William Portuese, MD
Seattle Facial Plastic Surgeon
4.8 out of 5 stars 158 reviews

Treatment for neck bands

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Neck muscles can be treated, to some extent, by diminishing their movement with Botox. This does create a smoothing effect, which may suit you. The absolute best treatment for repairing the neck muscles is a surgical one (i.e., a necklift). However, even this never fully eliminates muscle contraction.The platysma muscle movement is usually the source of the complaint you describe and while surgery treats it best it may still be visible to a minimal degree.

Deason Dunagan, MD
Huntsville Plastic Surgeon

Platysma bands

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What you are referring too is called Platysmal banding. There is a muscle in the center of the neck that as we get older, in some of us, the center part will start to disintegrate. The solution for this problem is to surgically re-attach this 2 muscles into one in the center. This also should be performed with a Facelift for better results. Look for advise with your local Facial Plastic Surgeon.

Gustavo A. Diaz, MD
Charlotte Facial Plastic Surgeon

Treatment for neck bands

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Those bands are the anterior border of the platysma muscle, a sheetlike muscle that runs across the neck and jawline.  With age, they sag and pull away from the deeper attachments in the neck, and the overlying skin does something similar.  There is only one solution, which is surgery.  Botox is described and performed, but rarely is worth the money, and the results are not always impressive since the skin remains an uncorrected component.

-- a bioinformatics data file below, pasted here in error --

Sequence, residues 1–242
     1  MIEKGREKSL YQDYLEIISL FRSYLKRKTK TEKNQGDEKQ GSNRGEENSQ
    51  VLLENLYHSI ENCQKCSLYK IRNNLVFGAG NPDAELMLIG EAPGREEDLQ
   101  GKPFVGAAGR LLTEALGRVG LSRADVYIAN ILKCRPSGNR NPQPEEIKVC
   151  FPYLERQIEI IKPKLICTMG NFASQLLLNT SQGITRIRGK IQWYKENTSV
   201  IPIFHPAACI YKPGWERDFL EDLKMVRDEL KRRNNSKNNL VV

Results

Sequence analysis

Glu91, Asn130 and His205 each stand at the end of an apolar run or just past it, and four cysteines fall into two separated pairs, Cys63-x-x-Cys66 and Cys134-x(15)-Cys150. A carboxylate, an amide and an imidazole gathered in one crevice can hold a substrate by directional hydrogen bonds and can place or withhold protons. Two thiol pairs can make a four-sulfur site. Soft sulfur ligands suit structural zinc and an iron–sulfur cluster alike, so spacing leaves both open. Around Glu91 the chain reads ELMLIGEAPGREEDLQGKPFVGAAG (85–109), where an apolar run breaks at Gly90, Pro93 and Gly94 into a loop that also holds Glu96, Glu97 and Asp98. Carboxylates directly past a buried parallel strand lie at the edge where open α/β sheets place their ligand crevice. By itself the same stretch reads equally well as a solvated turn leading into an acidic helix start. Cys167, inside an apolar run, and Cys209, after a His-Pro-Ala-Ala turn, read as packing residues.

I also agree with the other surgeons that you require a straightforward facelift, which includes an incision and correction of the midline issues with excess muscle resection and suture reapproximation (anterior plication), and then posterior repositioning as well.  Anything less will leave you with incomplete correction.  Whether or not the surgeon proposes even more, like a muscle relaxing cut in midline, or complete platsymal transection, or neither, is just surgeon preference.

Kevin Robertson, MD
Madison Facial Plastic Surgeon
4.7 out of 5 stars 15 reviews

Ropy looking neck

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These are platysma bands or neck cords, that are a facia/muscle. The options for treatment are from Botox injections to operating upon by cutting them. See 3 boarded plastic surgeons in your area to evaluate.

From MIAMI Dr. B

Neck bands

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The vertical bands of the platysma muscle need to be tightened together with a neck/facelfit. For those patients who are adamant not to undergo surgery, Botox or Dysport can help flatten them slightly but this is temporary and the treatment ongoing, and there are risks that you would need to discuss with your doctor such as weakness of the neck and even swallowing if very rare cases.

Ronald Shelton, MD
Manhattan Dermatologic Surgeon
4.9 out of 5 stars 39 reviews

These answers are for educational purposes and should not be relied upon as a substitute for medical advice you may receive from your physician. If you have a medical emergency, please call 911. These answers do not constitute or initiate a patient/doctor relationship.